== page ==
Martin Glazer dropped the equivalent of a nuclear bomb in the Court of Queens Bench today during the sentencing hearing of his infamous client, alleged serial killer Shawn Lamb.
“The Police paid Mr Lamb to confess,” Glazer informed Justice Rick Saull.
Glazer’s stunning revelation sent shock waves through the court room that reverberated on twitter as crime reporters shared the scandalous accusation on social media. Glazer’s assertion went unchallenged by Senior Crown Attorney Sheila Leinburd who sat mute in her chair at the Prosecutors Bench. Glazer then proceeded to use the alleged inducement to underpin what many consider to be an extremely controversial joint sentencing recommendation.
Glazer insisted Lambs confession would’ve been ruled inadmissible as a result of what he suggested was a clear inducement by Police to illicit a confession from his client.
“He first told the police that he knew where the bodies were. At that point in time, he stopped talking and then there was some discussion after that that culminated in his confession and you’ve heard the circumstances of that… the police did pay him to confess,” Glazer told reporters outside of court.
“This is the first time in Canada that I found such a case. The first time in my career as a lawyer for thirty-one years that I encountered such a situation. The Crown did not take issue with what we said in court today,” Glazer remarked.
Dictionary.com defines an inducement as;
“Something that induces, motivates or persuades or is an incentive.”
In Law Enforcement, even rookie cops know you can’t offer an inducement to entice a suspect to confess to a crime. Any information provided by an accused person who received an inducement is inadmissible in a Court of Law.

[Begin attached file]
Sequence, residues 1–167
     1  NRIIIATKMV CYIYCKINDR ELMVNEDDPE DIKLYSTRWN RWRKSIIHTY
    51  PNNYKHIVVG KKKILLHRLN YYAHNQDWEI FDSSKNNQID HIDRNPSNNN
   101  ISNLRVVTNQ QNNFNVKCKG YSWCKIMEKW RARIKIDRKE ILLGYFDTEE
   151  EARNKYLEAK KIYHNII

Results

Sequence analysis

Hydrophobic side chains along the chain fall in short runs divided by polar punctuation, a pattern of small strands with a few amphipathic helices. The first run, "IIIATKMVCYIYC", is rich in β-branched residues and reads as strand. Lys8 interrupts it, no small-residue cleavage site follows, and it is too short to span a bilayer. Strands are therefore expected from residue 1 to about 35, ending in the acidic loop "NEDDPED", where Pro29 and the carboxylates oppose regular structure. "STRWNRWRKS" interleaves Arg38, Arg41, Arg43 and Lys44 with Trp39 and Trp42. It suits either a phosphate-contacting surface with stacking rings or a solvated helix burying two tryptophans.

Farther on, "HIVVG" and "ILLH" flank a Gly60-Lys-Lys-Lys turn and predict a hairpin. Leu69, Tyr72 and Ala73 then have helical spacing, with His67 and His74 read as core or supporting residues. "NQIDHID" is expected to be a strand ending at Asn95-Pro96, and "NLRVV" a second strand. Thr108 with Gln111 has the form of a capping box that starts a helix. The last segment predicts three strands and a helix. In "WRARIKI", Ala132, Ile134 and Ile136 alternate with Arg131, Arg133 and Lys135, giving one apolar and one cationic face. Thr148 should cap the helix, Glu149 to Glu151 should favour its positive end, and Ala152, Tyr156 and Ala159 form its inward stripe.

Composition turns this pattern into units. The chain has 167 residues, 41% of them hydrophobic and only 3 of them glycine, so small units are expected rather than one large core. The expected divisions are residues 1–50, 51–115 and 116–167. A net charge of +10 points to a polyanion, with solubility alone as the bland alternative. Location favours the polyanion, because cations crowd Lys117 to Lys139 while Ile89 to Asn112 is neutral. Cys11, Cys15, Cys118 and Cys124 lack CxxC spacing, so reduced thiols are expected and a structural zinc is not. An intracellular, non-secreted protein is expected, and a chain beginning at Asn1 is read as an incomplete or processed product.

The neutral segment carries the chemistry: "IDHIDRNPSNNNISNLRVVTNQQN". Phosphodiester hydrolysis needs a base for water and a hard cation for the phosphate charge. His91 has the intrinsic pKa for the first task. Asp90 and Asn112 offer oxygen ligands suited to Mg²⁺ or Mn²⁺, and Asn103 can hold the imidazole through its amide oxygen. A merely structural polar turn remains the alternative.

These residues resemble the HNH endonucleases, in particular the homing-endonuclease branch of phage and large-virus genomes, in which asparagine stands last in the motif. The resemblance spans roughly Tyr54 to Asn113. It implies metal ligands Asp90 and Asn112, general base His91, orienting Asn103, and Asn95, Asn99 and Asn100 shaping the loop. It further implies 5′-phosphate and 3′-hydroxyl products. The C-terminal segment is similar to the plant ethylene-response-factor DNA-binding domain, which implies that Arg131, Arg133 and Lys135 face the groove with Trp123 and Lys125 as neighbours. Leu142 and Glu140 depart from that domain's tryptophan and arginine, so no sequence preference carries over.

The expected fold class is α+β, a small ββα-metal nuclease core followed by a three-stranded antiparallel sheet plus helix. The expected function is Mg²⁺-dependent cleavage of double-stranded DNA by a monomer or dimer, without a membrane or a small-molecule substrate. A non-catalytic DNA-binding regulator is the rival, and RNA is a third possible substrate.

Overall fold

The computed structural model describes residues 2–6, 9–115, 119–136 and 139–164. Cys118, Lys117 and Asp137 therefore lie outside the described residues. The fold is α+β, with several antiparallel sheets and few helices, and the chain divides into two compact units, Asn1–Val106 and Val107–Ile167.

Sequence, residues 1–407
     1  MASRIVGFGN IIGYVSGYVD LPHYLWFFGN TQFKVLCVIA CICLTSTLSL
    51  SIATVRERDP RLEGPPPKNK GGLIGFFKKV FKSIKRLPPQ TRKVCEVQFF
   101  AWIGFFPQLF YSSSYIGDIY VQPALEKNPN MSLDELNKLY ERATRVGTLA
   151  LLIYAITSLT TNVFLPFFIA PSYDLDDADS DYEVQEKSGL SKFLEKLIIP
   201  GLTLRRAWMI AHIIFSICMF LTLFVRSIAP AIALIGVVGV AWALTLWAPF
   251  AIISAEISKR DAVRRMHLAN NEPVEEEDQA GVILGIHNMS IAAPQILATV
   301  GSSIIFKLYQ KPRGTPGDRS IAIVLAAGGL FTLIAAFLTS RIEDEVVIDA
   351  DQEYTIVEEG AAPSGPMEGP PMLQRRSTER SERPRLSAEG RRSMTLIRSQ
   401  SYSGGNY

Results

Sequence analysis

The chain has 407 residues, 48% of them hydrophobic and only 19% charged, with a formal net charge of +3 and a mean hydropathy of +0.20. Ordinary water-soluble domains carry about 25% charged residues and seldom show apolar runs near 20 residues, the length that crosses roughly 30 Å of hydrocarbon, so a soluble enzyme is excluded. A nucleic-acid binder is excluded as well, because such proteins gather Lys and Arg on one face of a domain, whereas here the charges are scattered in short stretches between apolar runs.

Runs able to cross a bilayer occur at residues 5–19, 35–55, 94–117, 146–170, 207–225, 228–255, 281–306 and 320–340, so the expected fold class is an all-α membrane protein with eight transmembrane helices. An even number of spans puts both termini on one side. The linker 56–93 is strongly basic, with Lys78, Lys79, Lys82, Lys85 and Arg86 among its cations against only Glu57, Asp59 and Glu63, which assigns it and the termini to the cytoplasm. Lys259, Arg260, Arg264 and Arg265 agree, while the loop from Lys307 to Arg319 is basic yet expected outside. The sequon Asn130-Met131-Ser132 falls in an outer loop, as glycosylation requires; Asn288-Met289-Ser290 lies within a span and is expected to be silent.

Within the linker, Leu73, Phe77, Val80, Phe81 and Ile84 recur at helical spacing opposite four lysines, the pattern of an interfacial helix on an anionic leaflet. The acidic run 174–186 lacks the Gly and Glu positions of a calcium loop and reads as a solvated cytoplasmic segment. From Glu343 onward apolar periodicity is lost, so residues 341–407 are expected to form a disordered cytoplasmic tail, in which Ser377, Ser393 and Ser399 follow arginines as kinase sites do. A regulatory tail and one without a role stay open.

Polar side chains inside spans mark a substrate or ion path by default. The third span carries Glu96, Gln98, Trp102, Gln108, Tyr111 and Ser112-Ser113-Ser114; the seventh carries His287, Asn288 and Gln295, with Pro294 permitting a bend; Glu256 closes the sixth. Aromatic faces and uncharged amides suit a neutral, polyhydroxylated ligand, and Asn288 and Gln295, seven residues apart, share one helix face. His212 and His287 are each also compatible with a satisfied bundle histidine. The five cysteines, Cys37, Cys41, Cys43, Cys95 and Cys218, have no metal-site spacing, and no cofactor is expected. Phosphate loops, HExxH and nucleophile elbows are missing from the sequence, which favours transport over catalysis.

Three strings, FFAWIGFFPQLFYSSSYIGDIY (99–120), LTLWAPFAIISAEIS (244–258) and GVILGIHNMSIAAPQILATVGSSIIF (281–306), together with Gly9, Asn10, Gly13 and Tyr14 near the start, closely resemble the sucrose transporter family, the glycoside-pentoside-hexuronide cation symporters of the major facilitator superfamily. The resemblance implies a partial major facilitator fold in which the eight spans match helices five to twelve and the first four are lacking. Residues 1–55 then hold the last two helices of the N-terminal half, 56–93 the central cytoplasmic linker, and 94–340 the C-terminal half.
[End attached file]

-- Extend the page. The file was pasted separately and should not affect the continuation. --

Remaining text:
Police Officers are constantly accused of offering suspects inducements during the course of their interrogations. I’ve personally testified on hundreds of criminal cases and have been accused of offering inducements by dozens of criminal defense attorneys. Defense attorneys have suggested I’ve induced confessions from their clients by offering them food, water, cigarettes, phone calls and more. The same lawyers often try to have confessions excluded by accusing me of denying food, water, cigarettes or phone call requests. It’s all part of the game.
Prior to the time the WPS adopted continuous video taped suspect interrogations I was often accused of using violence, threats of violence and intimidation to extract confessions from suspects.
After the transition to continuos video recordings, criminal defense attorneys were perplexed when the suspect confessions kept rolling in. Hours of video taped confessions with no sadistic beatings, threats of violence or intimidation. It’s seems they completely underestimated the skilled interrogators ability to use the powers of persuasion to extract suspect confessions.
Did the investigators who interrogated Shawn Lamb buy his confession as Mr Glazer suggests?
I don’t think so.
Martin Glazer is a skilled criminal defense attorney known for his relentless determination in the defence of his clients. “Shotgun Marty,” we’d often call him for his broad based wide ranging defense strategies. I certainly don’t fault Mr Glazer for imposing his will on the Crown, in fact, I respect him for it.
That doesn’t make the scandalous allegations true.
As I understand it, Shawn Lamb, the master manipulator, initiated contact with Police after his initial arrest and detention on an unrelated case. It was during the unrelated investigation that Lamb took Police on the ride that ended with the discovery of the remains of murder victim Lorna Blacksmith.